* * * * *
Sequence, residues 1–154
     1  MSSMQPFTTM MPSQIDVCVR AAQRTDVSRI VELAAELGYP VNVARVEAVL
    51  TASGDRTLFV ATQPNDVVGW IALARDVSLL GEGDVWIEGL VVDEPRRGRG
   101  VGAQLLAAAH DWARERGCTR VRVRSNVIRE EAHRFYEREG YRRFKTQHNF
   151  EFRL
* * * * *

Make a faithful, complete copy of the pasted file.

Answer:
Sequence, residues 1–154
     1  MSSMQPFTTM MPSQIDVCVR AAQRTDVSRI VELAAELGYP VNVARVEAVL
    51  TASGDRTLFV ATQPNDVVGW IALARDVSLL GEGDVWIEGL VVDEPRRGRG
   101  VGAQLLAAAH DWARERGCTR VRVRSNVIRE EAHRFYEREG YRRFKTQHNF
   151  EFRL